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Compression of finite-state automata through failure transitions
Umeå University, Faculty of Science and Technology, Department of Computing Science.
Umeå University, Faculty of Science and Technology, Department of Computing Science.
Umeå University, Faculty of Science and Technology, Department of Computing Science.
2014 (English)In: Theoretical Computer Science, ISSN 0304-3975, E-ISSN 1879-2294, Vol. 557, 87-100 p.Article in journal (Refereed) Published
Abstract [en]

Several linear-time algorithms for automata-based pattern matching rely on failure transitions for efficient back-tracking. Like epsilon transitions, failure transition do not consume input symbols, but unlike them, they may only be taken when no other transition is applicable. At a semantic level, this conveniently models catch-all clauses and allows for compact language representation.

This work investigates the transition-reduction problem for deterministic finite-state automata (DFA). The input is a DFA A and an integer k. The question is whether k or more transitions can be saved by replacing regular transitions with failure transitions. We show that while the problem is NP-complete, there are approximation techniques and heuristics that mitigate the computational complexity. We conclude by demonstrating the computational difficulty of two related minimisation problems, thereby cancelling the ongoing search for efficient algorithms.

Place, publisher, year, edition, pages
Elsevier, 2014. Vol. 557, 87-100 p.
Keyword [en]
failure automata, pattern matching, automata minimisation
National Category
Computer Science
Research subject
Computer Science
Identifiers
URN: urn:nbn:se:umu:diva-93329DOI: 10.1016/j.tcs.2014.09.007ISI: 000343784800008OAI: oai:DiVA.org:umu-93329DiVA: diva2:747628
Funder
Swedish Research Council, 621-2011-6080
Available from: 2014-09-17 Created: 2014-09-17 Last updated: 2017-12-05Bibliographically approved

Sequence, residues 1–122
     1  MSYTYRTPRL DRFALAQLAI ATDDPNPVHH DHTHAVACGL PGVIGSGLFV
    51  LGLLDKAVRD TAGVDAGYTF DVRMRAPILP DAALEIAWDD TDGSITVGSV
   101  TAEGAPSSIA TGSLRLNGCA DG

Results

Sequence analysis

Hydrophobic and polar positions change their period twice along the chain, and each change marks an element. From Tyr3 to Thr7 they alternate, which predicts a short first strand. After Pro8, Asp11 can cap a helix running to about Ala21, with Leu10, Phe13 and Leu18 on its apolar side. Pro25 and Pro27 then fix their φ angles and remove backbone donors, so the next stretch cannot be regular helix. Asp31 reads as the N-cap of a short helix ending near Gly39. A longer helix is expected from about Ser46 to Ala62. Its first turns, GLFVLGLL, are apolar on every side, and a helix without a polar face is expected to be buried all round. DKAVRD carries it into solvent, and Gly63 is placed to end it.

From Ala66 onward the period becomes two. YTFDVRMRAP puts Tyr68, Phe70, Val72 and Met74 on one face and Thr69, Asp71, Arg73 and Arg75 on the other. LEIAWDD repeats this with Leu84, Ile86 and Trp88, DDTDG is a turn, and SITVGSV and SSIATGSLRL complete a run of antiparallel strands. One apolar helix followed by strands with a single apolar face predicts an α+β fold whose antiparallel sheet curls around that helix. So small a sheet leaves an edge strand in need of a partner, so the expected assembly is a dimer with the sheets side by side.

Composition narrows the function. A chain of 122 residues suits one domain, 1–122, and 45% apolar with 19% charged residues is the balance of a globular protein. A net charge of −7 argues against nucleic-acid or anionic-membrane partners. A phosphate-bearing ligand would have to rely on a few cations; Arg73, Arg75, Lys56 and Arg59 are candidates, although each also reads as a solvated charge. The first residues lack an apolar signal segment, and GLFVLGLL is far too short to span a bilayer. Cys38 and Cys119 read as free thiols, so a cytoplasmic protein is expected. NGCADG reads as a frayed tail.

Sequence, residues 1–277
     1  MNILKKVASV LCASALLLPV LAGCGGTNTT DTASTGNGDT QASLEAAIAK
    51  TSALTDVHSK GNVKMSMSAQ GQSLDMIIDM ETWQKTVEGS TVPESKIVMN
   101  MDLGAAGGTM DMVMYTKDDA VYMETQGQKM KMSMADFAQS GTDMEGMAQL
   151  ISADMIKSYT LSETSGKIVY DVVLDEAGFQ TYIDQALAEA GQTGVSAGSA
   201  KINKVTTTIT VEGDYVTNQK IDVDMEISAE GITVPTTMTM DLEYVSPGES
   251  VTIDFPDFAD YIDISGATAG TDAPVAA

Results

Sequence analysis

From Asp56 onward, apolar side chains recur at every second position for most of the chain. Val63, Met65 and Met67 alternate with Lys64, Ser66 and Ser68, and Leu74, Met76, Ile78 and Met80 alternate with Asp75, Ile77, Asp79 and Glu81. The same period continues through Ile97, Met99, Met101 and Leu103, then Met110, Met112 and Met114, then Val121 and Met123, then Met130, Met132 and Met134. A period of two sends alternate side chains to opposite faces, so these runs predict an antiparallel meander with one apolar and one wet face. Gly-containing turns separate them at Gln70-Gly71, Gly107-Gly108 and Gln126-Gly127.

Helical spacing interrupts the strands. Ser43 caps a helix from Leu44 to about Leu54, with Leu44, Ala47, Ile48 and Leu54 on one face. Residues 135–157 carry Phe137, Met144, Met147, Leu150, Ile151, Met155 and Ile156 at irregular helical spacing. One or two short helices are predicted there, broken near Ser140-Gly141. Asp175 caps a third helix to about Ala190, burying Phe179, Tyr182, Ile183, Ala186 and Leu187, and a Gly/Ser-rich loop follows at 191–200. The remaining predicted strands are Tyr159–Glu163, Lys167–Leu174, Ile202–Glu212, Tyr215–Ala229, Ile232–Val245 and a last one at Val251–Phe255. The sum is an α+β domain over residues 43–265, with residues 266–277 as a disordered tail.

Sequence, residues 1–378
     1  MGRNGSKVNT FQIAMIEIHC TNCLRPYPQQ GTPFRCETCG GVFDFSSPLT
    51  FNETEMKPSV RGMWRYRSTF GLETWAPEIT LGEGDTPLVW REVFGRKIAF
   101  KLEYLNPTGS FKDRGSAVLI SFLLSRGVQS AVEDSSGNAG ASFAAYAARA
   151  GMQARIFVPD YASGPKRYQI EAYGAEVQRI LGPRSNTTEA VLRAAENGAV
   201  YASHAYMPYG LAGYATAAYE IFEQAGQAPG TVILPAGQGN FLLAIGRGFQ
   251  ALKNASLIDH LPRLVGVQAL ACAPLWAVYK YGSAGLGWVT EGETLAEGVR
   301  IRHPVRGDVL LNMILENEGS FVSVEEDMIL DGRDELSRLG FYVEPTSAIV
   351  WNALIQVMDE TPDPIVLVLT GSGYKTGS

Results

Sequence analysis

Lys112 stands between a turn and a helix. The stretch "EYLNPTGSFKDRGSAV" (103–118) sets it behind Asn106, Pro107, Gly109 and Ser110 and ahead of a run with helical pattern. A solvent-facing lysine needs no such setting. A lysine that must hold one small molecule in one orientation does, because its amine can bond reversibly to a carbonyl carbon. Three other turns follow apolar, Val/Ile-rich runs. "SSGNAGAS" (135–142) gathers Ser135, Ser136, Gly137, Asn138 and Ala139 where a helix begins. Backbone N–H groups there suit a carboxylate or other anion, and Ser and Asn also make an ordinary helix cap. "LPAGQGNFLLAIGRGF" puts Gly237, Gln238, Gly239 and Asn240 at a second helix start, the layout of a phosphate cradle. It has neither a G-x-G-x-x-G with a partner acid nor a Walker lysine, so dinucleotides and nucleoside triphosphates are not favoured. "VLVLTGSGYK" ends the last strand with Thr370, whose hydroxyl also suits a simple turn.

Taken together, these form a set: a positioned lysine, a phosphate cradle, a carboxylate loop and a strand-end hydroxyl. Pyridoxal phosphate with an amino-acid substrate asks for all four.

In thesis
1. A novel approach to text classification
Open this publication in new window or tab >>A novel approach to text classification
2017 (English)Doctoral thesis, comprehensive summary (Other academic)
Abstract [en]

This thesis explores the foundations of text classification, using both empirical and deductive methods, with a focus on author identification and syntactic methods. We strive for a thorough theoretical understanding of what affects the effectiveness of classification in general. 

To begin with, we systematically investigate the effects of some parameters on the accuracy of author identification. How is the accuracy affected by the number of candidate authors, and the amount of data per candidate? Are there differences in how methods react to the changes in parameters? Using the same techniques, we see indications that methods previously thought to be topic-independent might not be so, but that syntactic methods may be the best option for avoiding topic dependence. This means that previous studies may have overestimated the power of lexical methods. We also briefly look for ways of spotting which particular features might be the most effective for classification. Apart from author identification, we apply similar methods to identifying properties of the author, including age and gender, and attempt to estimate the number of distinct authors in a text sample. In all cases, the techniques are proven viable if not overwhelmingly accurate, and we see that lexical and syntactic methods give very similar results. 

In the final parts, we see some results of automata theory that can be of use for syntactic analysis and classification. First, we generalise a known algorithm for finding a list of the best-ranked strings according to a weighted automaton, to doing the same with trees and a tree automaton. This result can be of use for speeding up parsing, which often runs in several steps, where each step needs several trees from the previous as input. Second, we use a compressed version of deterministic finite automata, known as failure automata, and prove that finding the optimal compression is NP-complete, but that there are efficient algorithms for finding good approximations. Third, we find and prove the derivatives of regular expressions with cuts. Derivatives are an operation on expressions to calculate the remaining expression after reading a given symbol, and cuts are an extension to regular expressions found in many programming languages. Together, these findings may be able to improve on the syntactic analysis which we have seen is a valuable tool for text classification.

Place, publisher, year, edition, pages
Umeå: Umeå universitet, 2017. 176 p.
Series
Report / UMINF, ISSN 0348-0542 ; 17.16
Keyword
Text classification, natural language processing, automata
National Category
Language Technology (Computational Linguistics) Computer Science
Research subject
Computer Science
Identifiers
urn:nbn:se:umu:diva-138917 (URN)978-91-7601-740-1 (ISBN)
Public defence
2017-09-29, N430, Naturvetarhuset, Umeå, 13:00 (English)
Opponent
Supervisors
Available from: 2017-09-04 Created: 2017-09-03 Last updated: 2017-09-04Bibliographically approved

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